Written by Jay Stadtfeld for LiftBigEatBig.com
I’m not a fan of dive bombing attempts for squat or bench. If you go back and watch some of my videos on YouTube, you can see I used to do this very act. What caused me to change? The direction of the wind? Too much caffeine clouding my brain? Perhaps a mere glimpse into my own training and why I wasn’t succeeding to the degree I desired? Any one of these likely contributed at some point (the wind is debatable, as you can’t see it, so therefore it doesn’t exist… right?) to my desire to change.
Dive bombing, as it will henceforth be known as, is essentially dropping to the ground as fast as gravity will take you and activating the musculature required to complete the lift. As one can figure in the squat, that means loosening tension on the most important anatomy, the hamstrings, on the descent. Then turning around and activating the hell out of them in order to complete the lift. Hardly seems efficient, eh?
What happened to me when I dive bombed was loss of tightness in the upper back, and shoving my shin into a pretty vertical position in attempt to turn the hamstrings on. While it worked for a while, eventually I found that it wasn’t going to work forever. This occurred to me at my last meet in St. Louis, where I failed my final squat attempt at 418. Granted I wasn’t far removed from an injury, and didn’t have much prep time pre-meet, it dawned on me that I needed to change something. It was around then that I figured it out.
The same can be said for the bench press. I don’t claim to be an incredible bench presser. Hardly boasting about a current best of 300×4 reps, or 315 for a double. However, for me a slower descent works best. I’m able to activate my lats and stay tighter which is arguably the most important part of the bench press. Without staying tight, you’ll quickly find yourself pinned under a “max effort” attempt. Moreover, if both the lats and tightness are off, then I wish you the best of luck in your endeavor.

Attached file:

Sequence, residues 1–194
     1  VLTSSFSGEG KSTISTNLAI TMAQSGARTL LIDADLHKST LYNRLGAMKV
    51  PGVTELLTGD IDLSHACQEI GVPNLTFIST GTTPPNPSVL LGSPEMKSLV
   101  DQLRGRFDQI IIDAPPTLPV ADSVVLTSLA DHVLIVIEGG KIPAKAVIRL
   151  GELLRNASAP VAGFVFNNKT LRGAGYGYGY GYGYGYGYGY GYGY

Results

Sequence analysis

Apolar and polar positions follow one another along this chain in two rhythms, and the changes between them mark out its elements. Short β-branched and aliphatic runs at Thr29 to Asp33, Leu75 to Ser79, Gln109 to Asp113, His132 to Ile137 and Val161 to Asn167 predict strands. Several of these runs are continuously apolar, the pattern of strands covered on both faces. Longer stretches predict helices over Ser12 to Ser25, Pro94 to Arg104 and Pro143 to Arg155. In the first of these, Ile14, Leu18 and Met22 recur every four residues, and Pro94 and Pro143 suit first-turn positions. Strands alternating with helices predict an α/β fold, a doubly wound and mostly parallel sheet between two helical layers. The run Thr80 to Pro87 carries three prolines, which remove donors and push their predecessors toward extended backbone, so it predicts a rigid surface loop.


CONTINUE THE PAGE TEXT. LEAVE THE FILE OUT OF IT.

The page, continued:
I also find that “rowing” the bar to my chest will help activate my lats better than trying to keep the bar from descending too quickly. That way the bar doesn’t slip out of the groove (bar path) you’ve created for yourself. Being strong is as much efficiency as it is being actually being strong.
As you can see in the video, the bar path is pretty consistent throughout. The barbell never takes a dive at my chest, and I’m largely in control throughout the duration. Take the cues I’ve given above and figure out how it can work for you. Also, I apologize for you having to stare at my penis throughout the video.
If there’s one thing you need to take away from this article, it’s that I am NOT saying to create a “negative rep” effect. Nay, I’m saying that in order to find success, perhaps focus on activating the proper musculature necessary to complete the lift in the most efficient manner possible. Go forth and succeed!